This is the first of a three part series discussing the recent past and future of oil prices and the reasons why prices are where they are. April was an interesting time for the crude oil market. From late March until the latter half of April oil prices were above $50 a barrel and oil bulls became excited by the idea that a supply cut led by OPEC and Saudi Arabia would soon tighten balances and lead to increased prices. This has not come to pass and here is why I am doubtful that change in the near future.

People generally overstate how much power OPEC actually has. This true on several levels but right now I am simply stating that OPEC does not wield the same level of control over oil markets that it once did. The U.S. is currently the third largest oil producing nation in the world and its share is growing. Some estimates state the United States will overtake Saudi Arabia to be the world’s number two oil producer by the end of the decade.

Gasoline Prices Spike As Crude Oil Prices Surge

Any increase in the price of crude oil is simply going to send more people into the oil business. While there is an upper limit to how many barrels of oil U.S. shale can put on the market that limit moves up with the price of oil. Therefore any increase which an OPEC led coalition manages to achieve will have the effect of further reducing their market share in the future. This is a long term issue however and there is another block in the path of any short term rise in oil prices.

Global refined product stocks are near all time highs and this supply glut will have to be absorbed by the market before production decreases have a tangible effect. Bulls may be of the opinion that the OPEC led coalition can enact supply cuts that will drive prices up. However, this relies upon the assumption that production cuts (and assumes the agreed upon cuts are being faithfully carried out by nations whose best interests are better served by continuing to pump out oil) are irreplaceable.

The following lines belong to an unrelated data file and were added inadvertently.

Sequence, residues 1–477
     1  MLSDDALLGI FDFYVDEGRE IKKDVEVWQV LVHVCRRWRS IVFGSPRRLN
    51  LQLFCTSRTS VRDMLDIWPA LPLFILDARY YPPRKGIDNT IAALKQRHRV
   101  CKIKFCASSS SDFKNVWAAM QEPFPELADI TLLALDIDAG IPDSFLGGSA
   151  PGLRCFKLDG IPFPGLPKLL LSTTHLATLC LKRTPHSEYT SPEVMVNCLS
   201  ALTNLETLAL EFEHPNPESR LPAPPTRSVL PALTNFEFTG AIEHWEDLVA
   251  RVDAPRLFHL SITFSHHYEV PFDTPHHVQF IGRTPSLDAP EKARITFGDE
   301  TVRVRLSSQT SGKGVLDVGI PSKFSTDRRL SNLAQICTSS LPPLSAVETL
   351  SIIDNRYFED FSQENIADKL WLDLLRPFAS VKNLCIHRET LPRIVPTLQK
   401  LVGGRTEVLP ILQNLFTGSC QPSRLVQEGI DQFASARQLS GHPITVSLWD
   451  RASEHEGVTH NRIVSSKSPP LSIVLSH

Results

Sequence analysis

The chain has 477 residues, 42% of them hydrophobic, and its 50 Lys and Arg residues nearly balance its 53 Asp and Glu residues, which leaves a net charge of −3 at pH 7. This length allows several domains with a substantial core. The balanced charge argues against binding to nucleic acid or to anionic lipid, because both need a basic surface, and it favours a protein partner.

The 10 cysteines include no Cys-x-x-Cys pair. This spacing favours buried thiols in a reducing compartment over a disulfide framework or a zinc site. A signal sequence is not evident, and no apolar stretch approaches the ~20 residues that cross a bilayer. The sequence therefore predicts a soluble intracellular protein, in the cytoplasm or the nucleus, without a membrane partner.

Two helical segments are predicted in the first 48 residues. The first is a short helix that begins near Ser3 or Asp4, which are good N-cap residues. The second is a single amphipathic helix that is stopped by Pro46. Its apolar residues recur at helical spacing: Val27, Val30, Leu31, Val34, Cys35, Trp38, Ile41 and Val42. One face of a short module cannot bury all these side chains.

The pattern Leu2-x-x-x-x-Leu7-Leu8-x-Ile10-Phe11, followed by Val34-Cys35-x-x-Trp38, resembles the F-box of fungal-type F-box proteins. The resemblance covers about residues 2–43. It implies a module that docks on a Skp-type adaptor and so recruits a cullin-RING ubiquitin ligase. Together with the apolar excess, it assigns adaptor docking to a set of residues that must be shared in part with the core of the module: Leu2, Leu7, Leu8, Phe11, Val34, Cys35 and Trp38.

Oil supplies from OPEC and Russia can be replaced by barrels pumped out of the United States, Canada, the North Sea, Latin America, and Africa. This is already happening and the degree to which it can continue is the key to determining where market balance will be achieved. As long as oil tankers in the Atlantic Basin are able to fill their holds with inexpensive oil and cheaply ship that oil to Asian markets cuts in oil production will not move oil prices. While current market supplies are of course not inexhaustible neither is the patience of oil producers.

If production cuts can be established as effective they must be maintained to remain effective. This relies on Russia, Saudi Arabia, Iran, and Iraq all getting along and maintaining a position which is in the short term detrimental to each of them. Further it relies upon each party believing that the others are  doing as they have promised rather than acting in their own self interests (history has consistently shown nation states always do what is in their own best interests).

The idea that supranational organizations can force individual nation states to act against their own best interests has never been demonstrated long term. OPEC may be able to rein in supply and raise prices for a little while as it did in 2008. This is not an effective long term strategy however, as all this accomplished was creating new producers by enabling oil shale and oil sands producers to enter the market at these inflated rates which led to the current market glut.